Citigroup agreed Monday to pay $7 billion to settle a federal investigation into its handling of risky subprime mortgages, admitting to a pattern of deception that Attorney General Eric Holder said "shattered lives" and contributed to the worst financial crisis in decades.
Besides a $4 billion civil penalty, the bank will also pay $2.5 billion in consumer relief to help borrowers who lost their homes to foreclosure and settle claims from state attorneys general and the Federal Deposit Insurance Corporation.
The $7 billion settlement, which represents about half of Citigroup's $13.7 billion profit last year, is the latest substantial penalty sought for a bank or mortgage company at the epicenter of the housing crisis. The Justice Department has in the last year reached a $13 billion deal with JPMorgan Chase, the nation's largest bank, and also sued Bank of America for misleading investors in its sale of mortgage-linked securities.
Yet the settlement packages pale in size compared to the losses suffered by the millions of people who lost their homes.
The settlement stems from the sale of toxic securities made up of subprime mortgages, which led to both the housing boom and bust that triggered the Great Recession at the end of 2007. Banks, including Citigroup, minimized the risks of subprime mortgages when packaging and selling them to mutual funds, investment trusts and pensions, as well as other banks and investors.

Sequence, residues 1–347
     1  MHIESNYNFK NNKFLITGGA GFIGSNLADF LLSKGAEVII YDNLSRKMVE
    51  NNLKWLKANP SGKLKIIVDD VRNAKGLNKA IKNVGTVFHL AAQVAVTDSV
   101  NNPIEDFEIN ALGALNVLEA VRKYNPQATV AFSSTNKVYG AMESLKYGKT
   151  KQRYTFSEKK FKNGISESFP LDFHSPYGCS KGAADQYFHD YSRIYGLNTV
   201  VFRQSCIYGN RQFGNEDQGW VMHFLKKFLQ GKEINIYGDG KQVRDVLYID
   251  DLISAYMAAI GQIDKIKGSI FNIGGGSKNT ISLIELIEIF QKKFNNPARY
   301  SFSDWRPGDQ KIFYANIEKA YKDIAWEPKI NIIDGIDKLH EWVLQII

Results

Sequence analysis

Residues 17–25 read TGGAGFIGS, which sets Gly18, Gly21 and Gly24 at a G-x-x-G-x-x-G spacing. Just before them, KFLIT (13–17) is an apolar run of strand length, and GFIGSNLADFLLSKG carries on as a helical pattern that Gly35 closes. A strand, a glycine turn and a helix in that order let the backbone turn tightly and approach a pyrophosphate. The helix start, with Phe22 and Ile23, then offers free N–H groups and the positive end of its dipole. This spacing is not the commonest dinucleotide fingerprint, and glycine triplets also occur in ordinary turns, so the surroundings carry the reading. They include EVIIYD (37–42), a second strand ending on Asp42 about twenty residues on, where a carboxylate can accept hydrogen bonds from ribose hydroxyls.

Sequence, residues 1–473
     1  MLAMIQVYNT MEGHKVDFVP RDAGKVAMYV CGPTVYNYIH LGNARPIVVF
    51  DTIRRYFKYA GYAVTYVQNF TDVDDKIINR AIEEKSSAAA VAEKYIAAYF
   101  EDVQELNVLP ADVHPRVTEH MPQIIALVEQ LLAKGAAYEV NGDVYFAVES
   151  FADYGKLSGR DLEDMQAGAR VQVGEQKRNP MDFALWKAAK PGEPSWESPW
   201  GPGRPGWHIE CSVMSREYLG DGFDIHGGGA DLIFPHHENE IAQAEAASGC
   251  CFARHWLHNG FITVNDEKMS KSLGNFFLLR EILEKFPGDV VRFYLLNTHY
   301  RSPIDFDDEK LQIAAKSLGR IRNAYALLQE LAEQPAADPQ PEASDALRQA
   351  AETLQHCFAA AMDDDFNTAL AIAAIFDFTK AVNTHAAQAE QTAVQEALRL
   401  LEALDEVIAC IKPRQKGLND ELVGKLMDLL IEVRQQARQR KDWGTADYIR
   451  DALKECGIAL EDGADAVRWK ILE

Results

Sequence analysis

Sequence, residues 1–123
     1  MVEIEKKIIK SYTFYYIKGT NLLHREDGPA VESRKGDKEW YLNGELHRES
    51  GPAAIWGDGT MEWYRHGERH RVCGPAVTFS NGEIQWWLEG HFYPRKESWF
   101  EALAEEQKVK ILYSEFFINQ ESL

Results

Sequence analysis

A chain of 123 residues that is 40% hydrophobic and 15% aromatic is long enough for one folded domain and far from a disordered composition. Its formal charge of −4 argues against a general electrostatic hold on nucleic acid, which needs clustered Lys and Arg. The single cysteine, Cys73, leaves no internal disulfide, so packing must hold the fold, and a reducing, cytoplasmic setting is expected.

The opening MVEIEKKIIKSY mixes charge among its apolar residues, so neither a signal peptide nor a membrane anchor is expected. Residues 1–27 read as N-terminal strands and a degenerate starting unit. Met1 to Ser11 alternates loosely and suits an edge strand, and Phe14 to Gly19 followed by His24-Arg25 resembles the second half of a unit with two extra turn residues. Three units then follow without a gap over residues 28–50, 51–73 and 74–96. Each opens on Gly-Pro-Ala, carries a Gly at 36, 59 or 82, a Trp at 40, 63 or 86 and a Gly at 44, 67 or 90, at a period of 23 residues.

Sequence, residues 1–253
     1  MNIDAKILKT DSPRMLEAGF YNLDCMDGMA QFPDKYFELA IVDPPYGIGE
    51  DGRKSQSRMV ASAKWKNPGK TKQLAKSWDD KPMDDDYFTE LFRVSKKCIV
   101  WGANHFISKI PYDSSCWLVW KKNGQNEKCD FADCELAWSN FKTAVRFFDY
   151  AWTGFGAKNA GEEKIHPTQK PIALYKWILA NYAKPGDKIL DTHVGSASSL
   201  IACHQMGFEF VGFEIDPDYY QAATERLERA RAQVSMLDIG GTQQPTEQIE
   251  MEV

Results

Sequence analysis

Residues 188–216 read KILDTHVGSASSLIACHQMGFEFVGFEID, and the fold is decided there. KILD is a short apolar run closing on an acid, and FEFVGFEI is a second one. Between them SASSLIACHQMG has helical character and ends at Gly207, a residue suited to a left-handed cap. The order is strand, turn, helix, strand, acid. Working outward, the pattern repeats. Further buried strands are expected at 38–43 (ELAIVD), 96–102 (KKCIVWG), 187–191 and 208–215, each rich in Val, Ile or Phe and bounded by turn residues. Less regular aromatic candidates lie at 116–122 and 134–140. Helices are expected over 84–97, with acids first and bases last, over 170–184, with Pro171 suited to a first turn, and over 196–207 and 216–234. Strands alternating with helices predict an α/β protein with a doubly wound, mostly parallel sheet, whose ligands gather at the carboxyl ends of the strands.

One Citigroup trader wrote in an internal email that he "would not be surprised if half of these loans went down," and said it was "amazing that some of these loans were closed at all." Meantime, the bank increased its profits.
"They did so at the expense of millions of ordinary Americans and investors of all types — including other financial institutions, universities and pension funds, cities and towns, and even hospitals and religious charities," Holder said Monday.
The $2.5 billion in consumer relief is directed at underwater homeowners and borrowers in areas of the country with high numbers of distressed properties and foreclosures. The sum includes refinancing for homeowners struggling with high interest rates on their mortgages, closing cost help for borrowers who lost homes to foreclosure and financing for construction and affordable rental housing.
Citigroup should have the capital needed to absorb the $7 billion settlement, said Gerard Cassidy, a managing director and analyst at RBC Capital Markets. In fact, investors were relieved that the issue was no longer confronting the bank and pushed up Citigroup's stock price on Monday.